Shaler Area junior teaches classmates military history
After introducing a few key points in World War II history, Shaler Area High School social-studies teacher Jim McDermott yielded the floor to junior Areon Metz who took over the lesson.
Metz, 17, of Shaler Township has taught lessons in World War I and World War II history in McDermott's American history classes for the past three years after McDermott recognized his vast military history knowledge during Metz' freshman year.
“It was clear he knew more than I did about the military aspect, so I decided to take advantage of it,” said McDermott, whose interest and focus is on the home front. “He's an encyclopedia of military knowledge.”
McDermott invited Metz to teach a lesson as a guest speaker, and the experience was so successful that McDermott has asked him to return each year to present a lesson in his history classes.
“There's always that one kid in class who knows military history, and I'll use them,” McDermott said. “It shows other kids I'm not the only one who's excited about this. Plus, it's boring to hear only one person's voice all the time.”
Metz can recall facts and figures about each campaign with ease after years of poring over historical books, military biographies and documentaries outside of the classroom.
“I find this to be interesting,” said Metz, who started his research about six years ago. “You can do extra to expand your knowledge outside of the classroom.”
Metz's fascination with military history began after he learned about the Civil War in elementary school and since then, he has studied military history from the Spanish-American War to the current conflicts.
Military history also has a personal connection for Metz, whose father served from 1990 to 1994 as a submariner based in Norfolk, Va. on the USS Sunfish and grandfather served in the 2nd and 3rd Armored Division with Elvis Presley, after being drafted in 1958.
Outside of school, Metz collects military memorabilia and period firearms and has aspirations to go into the military or be a history teacher or both.
“I believe this is Areon's sport,” McDermott said. “It's neat to see someone like him get so involved, find(ing) something you have a spark about, and Areon found this.”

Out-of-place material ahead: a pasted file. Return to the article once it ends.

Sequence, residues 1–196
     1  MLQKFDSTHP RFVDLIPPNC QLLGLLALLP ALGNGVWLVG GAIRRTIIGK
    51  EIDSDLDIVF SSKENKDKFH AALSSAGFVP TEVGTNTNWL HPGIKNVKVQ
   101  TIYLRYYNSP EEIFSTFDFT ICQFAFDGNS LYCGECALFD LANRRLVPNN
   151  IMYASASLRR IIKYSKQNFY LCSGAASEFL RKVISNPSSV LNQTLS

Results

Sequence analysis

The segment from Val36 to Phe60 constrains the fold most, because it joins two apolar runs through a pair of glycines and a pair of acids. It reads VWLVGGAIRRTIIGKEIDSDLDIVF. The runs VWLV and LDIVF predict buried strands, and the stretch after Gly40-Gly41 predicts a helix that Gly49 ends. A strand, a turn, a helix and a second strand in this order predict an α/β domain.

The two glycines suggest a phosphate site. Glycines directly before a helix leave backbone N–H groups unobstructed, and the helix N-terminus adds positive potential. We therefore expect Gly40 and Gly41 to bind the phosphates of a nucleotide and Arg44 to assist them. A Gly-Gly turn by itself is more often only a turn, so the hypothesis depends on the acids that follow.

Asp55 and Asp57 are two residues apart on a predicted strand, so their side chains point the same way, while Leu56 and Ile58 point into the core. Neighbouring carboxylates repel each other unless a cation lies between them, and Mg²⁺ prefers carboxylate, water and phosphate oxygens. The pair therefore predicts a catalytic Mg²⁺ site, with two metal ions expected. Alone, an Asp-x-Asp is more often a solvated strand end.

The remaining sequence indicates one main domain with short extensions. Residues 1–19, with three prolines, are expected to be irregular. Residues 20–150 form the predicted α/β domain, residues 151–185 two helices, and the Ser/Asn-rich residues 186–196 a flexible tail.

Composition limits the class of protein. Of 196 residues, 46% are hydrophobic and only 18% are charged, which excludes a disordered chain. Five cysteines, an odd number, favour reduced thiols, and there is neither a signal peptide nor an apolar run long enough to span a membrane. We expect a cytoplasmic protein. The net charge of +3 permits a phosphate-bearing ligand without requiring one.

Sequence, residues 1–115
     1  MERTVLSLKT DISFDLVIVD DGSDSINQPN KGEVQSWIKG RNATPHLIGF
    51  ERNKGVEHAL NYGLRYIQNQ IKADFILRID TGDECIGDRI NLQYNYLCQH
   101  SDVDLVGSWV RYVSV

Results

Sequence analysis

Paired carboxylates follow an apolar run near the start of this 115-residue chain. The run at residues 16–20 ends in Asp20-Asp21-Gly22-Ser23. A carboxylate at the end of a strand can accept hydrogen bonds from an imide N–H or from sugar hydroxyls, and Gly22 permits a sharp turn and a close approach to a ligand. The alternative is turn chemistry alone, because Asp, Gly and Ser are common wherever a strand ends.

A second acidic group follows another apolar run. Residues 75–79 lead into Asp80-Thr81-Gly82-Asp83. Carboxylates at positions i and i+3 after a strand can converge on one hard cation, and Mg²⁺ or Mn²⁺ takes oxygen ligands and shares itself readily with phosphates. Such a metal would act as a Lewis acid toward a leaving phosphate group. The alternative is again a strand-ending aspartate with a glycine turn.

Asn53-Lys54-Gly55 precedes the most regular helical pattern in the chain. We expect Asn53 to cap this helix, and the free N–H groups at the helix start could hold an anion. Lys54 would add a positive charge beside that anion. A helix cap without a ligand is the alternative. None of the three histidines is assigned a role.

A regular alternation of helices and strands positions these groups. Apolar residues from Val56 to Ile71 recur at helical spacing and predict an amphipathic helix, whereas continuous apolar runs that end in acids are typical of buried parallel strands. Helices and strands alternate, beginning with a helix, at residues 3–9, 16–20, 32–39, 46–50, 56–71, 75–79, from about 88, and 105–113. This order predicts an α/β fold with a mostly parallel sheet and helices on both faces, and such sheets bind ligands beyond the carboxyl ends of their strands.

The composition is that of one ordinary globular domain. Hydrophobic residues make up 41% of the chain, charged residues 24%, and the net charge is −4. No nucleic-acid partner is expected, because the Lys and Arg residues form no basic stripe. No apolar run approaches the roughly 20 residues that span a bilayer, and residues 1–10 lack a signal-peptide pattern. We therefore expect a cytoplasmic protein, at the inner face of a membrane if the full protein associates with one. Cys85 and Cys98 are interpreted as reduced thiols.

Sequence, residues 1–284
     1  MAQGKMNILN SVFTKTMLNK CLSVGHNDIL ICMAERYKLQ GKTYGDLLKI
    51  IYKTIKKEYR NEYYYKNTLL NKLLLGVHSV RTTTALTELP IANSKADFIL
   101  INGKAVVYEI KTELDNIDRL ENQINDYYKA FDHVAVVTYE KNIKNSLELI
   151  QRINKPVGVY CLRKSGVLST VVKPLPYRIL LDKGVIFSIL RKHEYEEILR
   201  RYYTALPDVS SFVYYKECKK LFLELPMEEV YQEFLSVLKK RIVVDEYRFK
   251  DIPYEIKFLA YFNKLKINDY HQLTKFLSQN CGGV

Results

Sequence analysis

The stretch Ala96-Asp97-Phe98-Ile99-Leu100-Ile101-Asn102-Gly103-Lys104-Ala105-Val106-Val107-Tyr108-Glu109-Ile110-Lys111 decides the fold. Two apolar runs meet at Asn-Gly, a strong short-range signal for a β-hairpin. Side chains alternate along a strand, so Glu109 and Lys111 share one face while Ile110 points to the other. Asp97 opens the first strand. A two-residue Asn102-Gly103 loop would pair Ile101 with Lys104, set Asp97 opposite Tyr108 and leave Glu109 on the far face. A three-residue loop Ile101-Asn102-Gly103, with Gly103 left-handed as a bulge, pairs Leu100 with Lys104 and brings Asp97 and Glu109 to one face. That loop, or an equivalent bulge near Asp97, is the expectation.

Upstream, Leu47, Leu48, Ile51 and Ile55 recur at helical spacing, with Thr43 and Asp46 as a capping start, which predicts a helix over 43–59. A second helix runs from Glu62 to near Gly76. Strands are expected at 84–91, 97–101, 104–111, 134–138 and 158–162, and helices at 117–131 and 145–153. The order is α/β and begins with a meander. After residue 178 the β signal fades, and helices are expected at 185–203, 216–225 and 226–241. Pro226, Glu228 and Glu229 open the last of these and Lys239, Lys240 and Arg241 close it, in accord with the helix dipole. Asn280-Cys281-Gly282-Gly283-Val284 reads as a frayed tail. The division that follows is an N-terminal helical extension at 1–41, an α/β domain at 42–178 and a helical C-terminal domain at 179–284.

Earlier this month, Metz presented detailed information, photographs and memorabilia related to the Battle of Stalingrad to the invasion of North Africa and Sicily and Italian campaigns to McDermott's honors American history classes.
“Teachers are expected to know, but a student knowing it is a little more impressive,” said ninth-grader Sage Wilson.
“It was cool to hear from a person my age in a way that was easier to understand,” ninth-grader Lyndsey Lakatos said after the class. “I feel kids listen to other kids better than adults.”
After each lesson, McDermott opens the floor for students to ask Metz war-history questions and offers a free homework pass to anyone who can stump Metz.
“In the past three years, no one has,” McDermott said.
Bethany Hofstetter is a staff writer for Trib Total Media. She can be reached at 724-772-6364 or email@example.com.
Show commenting policy
TribLive commenting policy
You are solely responsible for your comments and by using TribLive.com you agree to our Terms of Service.
We moderate comments. Our goal is to provide substantive commentary for a general readership. By screening submissions, we provide a space where readers can share intelligent and informed commentary that enhances the quality of our news and information.
While most comments will be posted if they are on-topic and not abusive, moderating decisions are subjective. We will make them as carefully and consistently as we can. Because of the volume of reader comments, we cannot review individual moderation decisions with readers.
We value thoughtful comments representing a range of views that make their point quickly and politely. We make an effort to protect discussions from repeated comments either by the same reader or different readers.
We follow the same standards for taste as the daily newspaper. A few things we won't tolerate: personal attacks, obscenity, vulgarity, profanity (including expletives and letters followed by dashes), commercial promotion, impersonations, incoherence, proselytizing and SHOUTING. Don't include URLs to Web sites.
We do not edit comments. They are either approved or deleted. We reserve the right to edit a comment that is quoted or excerpted in an article. In this case, we may fix spelling and punctuation.
We welcome strong opinions and criticism of our work, but we don't want comments to become bogged down with discussions of our policies and we will moderate accordingly.
We appreciate it when readers and people quoted in articles or blog posts point out errors of fact or emphasis and will investigate all assertions. But these suggestions should be sent via e-mail. To avoid distracting other readers, we won't publish comments that suggest a correction. Instead, corrections will be made in a blog post or in an article.
- Hampton grad grabs lead in music video
- New Cinemark in McCandless boasts modern luxuries
- Molly Maguires celebrate 50 years of making music with Etna, Shaler concerts
- Temple Ohav Shalom welcomes new rabbi, directors in time for High Holidays
- Shaler officials OK modifications to cell tower off Glenn Scott Drive
- Children promoting nonviolence target of International Day of Peace in North Park
- Residents in Bennington Woods plan focus on safe driving
- Kids eschew presents for donations to Ohio Township’s Animal Friends
- North Hills Community Outreach seeks volunteers to detail cars for community auto program
- Professional actress offers coaching at Jeter Backyard Theater in Pine
- Shaler take-back event offers chance to safely dispose of prescription drugs